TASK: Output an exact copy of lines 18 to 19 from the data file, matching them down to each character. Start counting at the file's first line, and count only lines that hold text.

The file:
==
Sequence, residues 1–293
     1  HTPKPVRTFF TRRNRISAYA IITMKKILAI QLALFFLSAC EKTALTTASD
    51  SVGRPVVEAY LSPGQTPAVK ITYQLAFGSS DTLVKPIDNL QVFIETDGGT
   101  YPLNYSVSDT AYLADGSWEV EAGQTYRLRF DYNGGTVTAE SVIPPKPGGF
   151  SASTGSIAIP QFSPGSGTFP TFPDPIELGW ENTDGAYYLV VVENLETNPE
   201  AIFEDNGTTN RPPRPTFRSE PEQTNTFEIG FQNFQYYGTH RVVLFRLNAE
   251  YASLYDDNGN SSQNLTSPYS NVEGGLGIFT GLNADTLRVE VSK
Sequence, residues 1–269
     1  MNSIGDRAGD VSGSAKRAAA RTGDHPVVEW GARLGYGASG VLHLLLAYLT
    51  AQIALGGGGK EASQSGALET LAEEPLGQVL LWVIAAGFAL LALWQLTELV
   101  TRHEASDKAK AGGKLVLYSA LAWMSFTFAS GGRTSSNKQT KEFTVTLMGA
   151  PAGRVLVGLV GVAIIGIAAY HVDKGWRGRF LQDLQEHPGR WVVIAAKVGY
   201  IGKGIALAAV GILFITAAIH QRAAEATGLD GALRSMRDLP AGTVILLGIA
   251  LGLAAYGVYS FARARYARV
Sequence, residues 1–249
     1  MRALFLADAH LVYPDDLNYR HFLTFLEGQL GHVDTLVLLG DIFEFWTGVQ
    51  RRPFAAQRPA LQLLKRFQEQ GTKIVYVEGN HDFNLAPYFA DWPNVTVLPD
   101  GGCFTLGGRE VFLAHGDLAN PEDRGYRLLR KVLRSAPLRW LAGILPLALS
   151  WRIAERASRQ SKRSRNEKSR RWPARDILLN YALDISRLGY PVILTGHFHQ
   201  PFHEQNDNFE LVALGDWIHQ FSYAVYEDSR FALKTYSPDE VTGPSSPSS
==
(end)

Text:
   101  GGCFTLGGRE VFLAHGDLAN PEDRGYRLLR KVLRSAPLRW LAGILPLALS
   151  WRIAERASRQ SKRSRNEKSR RWPARDILLN YALDISRLGY PVILTGHFHQ